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  • Large Scale Optimization for Machine Learning

    Meisam Razaviyayn Lecture 21

    razaviya@usc.edu

  • Announcements:

    • Midterm exams

    • Return it next Tuesday

    1

  • Non-smooth Objective Function • Sub-gradient

    • Typically slow and no good termination criteria (other than cross validation)

    • Proximal Gradient • Fast assuming each iteration is easy

    • Block Coordinate Descent • Also helpful for exploiting multi-block structure

    • Alternating Direction Method of Multipliers (ADMM) • Will be covered later

    1

  • Multi-Block Structure and BCD Method

    Block Coordinate Descent (BCD) Method:

    Simple and scalable: Lasso example

    At iteration r, choose an index i and

    Choice of index i: Cyclic, randomized, Greedy

    2

    Very different than previous incremental GD, SGD,…

    Geometric Interpretation

  • Convergence of BCD Method

    3

    Assumptions: • Separable Constraints

    • Differentiable/smooth objective

    • Unique minimizer at each step Necessary assumptions?

    “Nonlinear programming”, D.P. Bertsekas for cyclic update rule

    Proof?

  • Necessity of Smoothness Assumption

    4

    Not “Regular”

    Examples: Lasso

    smooth

  • BCD and Non-smooth Objective

    5

    Theorem [Tseng 2001] Assume 1) Feasible set is compact. 2) The uniqueness of minimizer at each step. 3) Separable constraint 4) Regular objective function

    Every limit point of the iterates is a stationary point

    Rate of convergence of BCD: • Similar to GD: sublinear for general convex and linear for strongly convex

    • Same results can be shown in most of the non-smooth popular objectives

    Definition of stationarity for nonsmooth? True for cyclic/randomized/greedy rule

  • Uniqueness of the Minimizer

    6

    [Michael J. D. Powell 1973]

  • Uniqueness of the Minimizer

    7

    Tensor PARAFAC Decomposition

    NP-hard [Hastad 1990]

    [Carroll 1970], [Harshman1970]: Alternating Least Squares 0 50 100 150 200 250 3000

    0.1

    0.2

    0.3

    0.4

    0.5

    0.6

    0.7

    0.8

    Iterates

    Er ro r

    “Swamp” effect

  • BCD Limitations

    8

    • Uniqueness of minimizer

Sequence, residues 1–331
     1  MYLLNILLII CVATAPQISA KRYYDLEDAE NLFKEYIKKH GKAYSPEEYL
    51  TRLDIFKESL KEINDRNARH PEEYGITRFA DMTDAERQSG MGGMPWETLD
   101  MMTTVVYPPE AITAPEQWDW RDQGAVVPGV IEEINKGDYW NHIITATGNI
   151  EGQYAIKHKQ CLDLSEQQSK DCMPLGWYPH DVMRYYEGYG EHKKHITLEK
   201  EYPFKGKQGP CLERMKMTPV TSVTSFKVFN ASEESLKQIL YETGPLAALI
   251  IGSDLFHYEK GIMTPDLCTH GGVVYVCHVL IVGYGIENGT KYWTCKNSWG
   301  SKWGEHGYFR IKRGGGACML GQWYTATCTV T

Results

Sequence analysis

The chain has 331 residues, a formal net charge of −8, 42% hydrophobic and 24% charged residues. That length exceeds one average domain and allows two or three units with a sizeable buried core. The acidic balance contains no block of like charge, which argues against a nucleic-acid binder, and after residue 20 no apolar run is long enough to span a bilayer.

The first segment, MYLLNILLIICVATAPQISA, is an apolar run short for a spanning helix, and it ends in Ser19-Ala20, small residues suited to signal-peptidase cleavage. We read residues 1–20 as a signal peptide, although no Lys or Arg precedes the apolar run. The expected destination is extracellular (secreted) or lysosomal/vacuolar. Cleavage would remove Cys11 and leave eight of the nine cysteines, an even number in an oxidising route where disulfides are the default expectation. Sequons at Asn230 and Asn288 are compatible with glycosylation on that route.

• Each sub-problem needs to be easily solvable

  • BCD Limitations

    8

    • Uniqueness of minimizer

    • Each sub-problem needs to be easily solvable

    Popular Solution: Inexact BCD

    At iteration r, choose an index i and

  • BCD Limitations

    8

    • Uniqueness of minimizer

    • Each sub-problem needs to be easily solvable

    Popular Solution: Inexact BCD

    At iteration r, choose an index i and

    Local approximation of the objective function

    Block successive upper-bound minimization, block successive convex approximation, convex-concave procedure, majorization minimization, dc-programming, BCGD,…

  • Idea of Block Successive Upper-bound Minimization

    9

    Global upper-bound:

  • Idea of Block Successive Upper-bound Minimization

    9

    Locally tight:

    Global upper-bound:

  • Idea of Block Successive Upper-bound Minimization

    9

    Locally tight:

    Global upper-bound:

    Monotone Algorithm

    Every limit point is a stationary point

  • Example 1: Block Coordinate (Proximal) Gradient Descent

    10

    Smooth Scenario:

  • Example 1: Block Coordinate (Proximal) Gradient Descent

    10

    Smooth Scenario:

    Non-smooth Scenario:

  • Example 1: Block Coordinate (Proximal) Gradient Descent

    10

    Smooth Scenario:

    Non-smooth Scenario:

    Using Bregman divergence

  • Example 1: Block Coordinate (Proximal) Gradient Descent

    10

    Smooth Scenario:

    Non-smooth Scenario:

    Alternating Proximal Minimization:

    Using Bregman divergence

  • Example 2: Expectation Maximization Algorithm

    11

  • Example 2: Expectation Maximization Algorithm

    11

  • Example 2: Expectation Maximization Algorithm

    11

    Jensen’s inequality

  • Example 3: Transcript Abundance Estimation

    12

    24

    levels ⇢ 1

    , . . . , ⇢M can be written as

    Pr (R 1

    , . . . , RN ; ⇢1, . . . , ⇢M ) = NY

    n=1

    Pr (Rn; ⇢1 . . . ⇢M )

    =

    NY

    n=1

    MX

    m=1

    Pr (Rn | read Rn from sequence sm)Pr(sm) !